Flat Earther, COVID Conspiracy Theorist Has 'Scandalous' Lawsuit Dismissed

A conspiracy theorist has had his lawsuit against the government of British Columbia (BC), Canada, dropped by the courts.

Makhan "Mak" Parhar was arrested in November 2020 and spent four days in jail for allegedly breaching the terms of a government COVID Quarantine Act.

Police said he had "refused to comply" with the rules and had left his home despite being told to self-isolate.

According to videos and statements made on his Facebook page, Parhar is a supporter of the flat Earth movement and critic of COVID regulations. He tagged himself with other flat Earth activists in South Carolina, U.S., shortly before his arrest.

Following his arrest, Parhar argued that he had been "kidnapped" and harmed and was looking for justice via "common law," according to a BC court document, seen by Newsweek, outlining the judgment. Parhar's lawsuit also alleges trespass, extortion, terrorism, fraud, and malfeasance.

The document states the case was between Parhar on one side and government officials John Horgan, Adrian Dix, Dave Jansen, David Eby, and Adrien Switzer on the other.

Justifying its decision to dismiss Parhar's case, a BC court judge said he was satisfied that Parhar's claims were "embarrassing or scandalous, in the legal sense of those terms, because it does not set out the real issues in any intelligible form and contains assertions and declarations that make it impossible to respond to the claim."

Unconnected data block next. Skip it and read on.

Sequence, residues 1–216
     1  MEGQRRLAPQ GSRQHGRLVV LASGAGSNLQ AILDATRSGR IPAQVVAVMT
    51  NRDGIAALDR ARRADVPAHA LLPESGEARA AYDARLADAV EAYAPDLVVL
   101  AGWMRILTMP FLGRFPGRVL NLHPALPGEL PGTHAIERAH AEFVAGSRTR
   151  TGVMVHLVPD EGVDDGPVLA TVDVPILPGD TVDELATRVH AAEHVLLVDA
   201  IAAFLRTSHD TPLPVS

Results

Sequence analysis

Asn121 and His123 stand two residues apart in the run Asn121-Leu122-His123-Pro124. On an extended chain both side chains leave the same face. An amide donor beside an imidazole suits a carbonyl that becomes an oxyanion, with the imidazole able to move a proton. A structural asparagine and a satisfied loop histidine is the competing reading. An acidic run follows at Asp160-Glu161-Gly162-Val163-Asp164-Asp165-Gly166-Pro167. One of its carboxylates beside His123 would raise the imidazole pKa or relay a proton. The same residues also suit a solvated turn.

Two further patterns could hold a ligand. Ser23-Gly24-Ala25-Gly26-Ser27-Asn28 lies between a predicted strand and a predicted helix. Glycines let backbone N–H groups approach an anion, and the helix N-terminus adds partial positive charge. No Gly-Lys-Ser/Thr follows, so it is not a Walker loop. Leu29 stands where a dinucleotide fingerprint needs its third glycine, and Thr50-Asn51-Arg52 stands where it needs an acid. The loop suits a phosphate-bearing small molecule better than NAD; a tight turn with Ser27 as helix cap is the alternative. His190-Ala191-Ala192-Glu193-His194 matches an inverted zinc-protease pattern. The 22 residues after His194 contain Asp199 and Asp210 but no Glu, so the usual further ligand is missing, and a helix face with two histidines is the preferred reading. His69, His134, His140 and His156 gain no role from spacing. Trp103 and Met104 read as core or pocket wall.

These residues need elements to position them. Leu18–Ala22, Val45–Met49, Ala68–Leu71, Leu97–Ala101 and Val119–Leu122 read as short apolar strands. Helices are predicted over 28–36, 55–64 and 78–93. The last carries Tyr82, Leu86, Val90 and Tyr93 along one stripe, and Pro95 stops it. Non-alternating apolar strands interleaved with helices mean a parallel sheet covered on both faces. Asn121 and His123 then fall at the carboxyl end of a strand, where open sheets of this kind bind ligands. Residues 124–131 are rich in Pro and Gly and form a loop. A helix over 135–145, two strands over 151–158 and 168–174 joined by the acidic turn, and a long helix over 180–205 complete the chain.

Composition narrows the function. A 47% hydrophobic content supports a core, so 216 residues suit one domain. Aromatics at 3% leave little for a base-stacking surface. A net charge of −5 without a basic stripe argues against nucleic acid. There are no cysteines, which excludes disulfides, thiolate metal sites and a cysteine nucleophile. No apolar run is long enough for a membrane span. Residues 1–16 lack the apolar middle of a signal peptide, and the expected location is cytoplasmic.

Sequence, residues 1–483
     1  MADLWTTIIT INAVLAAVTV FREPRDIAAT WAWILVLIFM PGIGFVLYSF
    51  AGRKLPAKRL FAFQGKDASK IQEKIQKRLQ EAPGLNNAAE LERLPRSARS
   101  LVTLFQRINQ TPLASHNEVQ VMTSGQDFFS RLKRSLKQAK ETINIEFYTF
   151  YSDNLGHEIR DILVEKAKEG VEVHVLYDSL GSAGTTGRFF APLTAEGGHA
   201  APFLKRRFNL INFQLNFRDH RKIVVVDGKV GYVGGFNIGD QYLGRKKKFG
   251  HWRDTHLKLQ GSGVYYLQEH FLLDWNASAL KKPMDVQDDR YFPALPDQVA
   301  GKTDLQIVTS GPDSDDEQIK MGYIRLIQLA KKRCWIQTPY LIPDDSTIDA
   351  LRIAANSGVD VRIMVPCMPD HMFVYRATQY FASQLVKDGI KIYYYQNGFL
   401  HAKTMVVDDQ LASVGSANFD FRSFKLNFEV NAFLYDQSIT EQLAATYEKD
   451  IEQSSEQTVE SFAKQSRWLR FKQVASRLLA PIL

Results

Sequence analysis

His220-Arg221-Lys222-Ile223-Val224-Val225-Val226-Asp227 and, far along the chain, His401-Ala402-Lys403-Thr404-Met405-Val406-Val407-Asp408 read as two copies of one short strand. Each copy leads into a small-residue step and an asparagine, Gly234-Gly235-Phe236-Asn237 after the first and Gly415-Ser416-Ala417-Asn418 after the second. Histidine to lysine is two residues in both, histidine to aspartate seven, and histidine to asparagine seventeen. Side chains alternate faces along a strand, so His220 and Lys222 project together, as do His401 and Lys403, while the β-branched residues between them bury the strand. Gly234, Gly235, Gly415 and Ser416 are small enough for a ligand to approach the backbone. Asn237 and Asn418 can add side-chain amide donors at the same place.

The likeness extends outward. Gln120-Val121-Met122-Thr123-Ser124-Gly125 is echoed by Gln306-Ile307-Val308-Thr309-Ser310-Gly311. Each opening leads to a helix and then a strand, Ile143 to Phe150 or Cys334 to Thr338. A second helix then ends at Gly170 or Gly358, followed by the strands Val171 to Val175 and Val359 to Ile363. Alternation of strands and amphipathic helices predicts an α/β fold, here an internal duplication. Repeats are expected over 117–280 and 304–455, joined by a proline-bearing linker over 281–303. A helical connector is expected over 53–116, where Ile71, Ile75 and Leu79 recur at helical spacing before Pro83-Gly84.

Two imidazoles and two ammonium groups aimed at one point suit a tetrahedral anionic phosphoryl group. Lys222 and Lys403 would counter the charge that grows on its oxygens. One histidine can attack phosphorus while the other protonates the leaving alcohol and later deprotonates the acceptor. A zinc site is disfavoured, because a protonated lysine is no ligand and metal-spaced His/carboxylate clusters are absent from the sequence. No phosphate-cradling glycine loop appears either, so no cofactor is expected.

The BC defendants argued Parhar's claims were "pseudolegal" and, in the judgement passed April 16, Justice Murray Blok said: "It is patently absurd and nonsensical. It is difficult to understand how anyone could come to believe any of its concepts.

"I am not without sympathy for the plaintiff. He spent four days in jail, evidently the result of alleged breaches of the Quarantine Act, and it appears this occurred because someone convinced him, or he convinced himself, that statute law does not apply to him."

Justice Blok added Parhar still had the opportunity to argue against his alleged breaches of the Quarantine act, but hoped he would do so "on more conventional grounds." He said a trial had been set in Provincial Court for this purpose.

The AGBC defendants requested they be awarded costs of $1,000 due to legal expenses. Justice Blok concluded they should be awarded $750.

Newsweek has contacted Parhar for comment.

Parhar has continued to upload posts to his Facebook page since Friday. On Tuesday, a video was posted on the page in which Parhar criticised BC's COVID travel restrictions.

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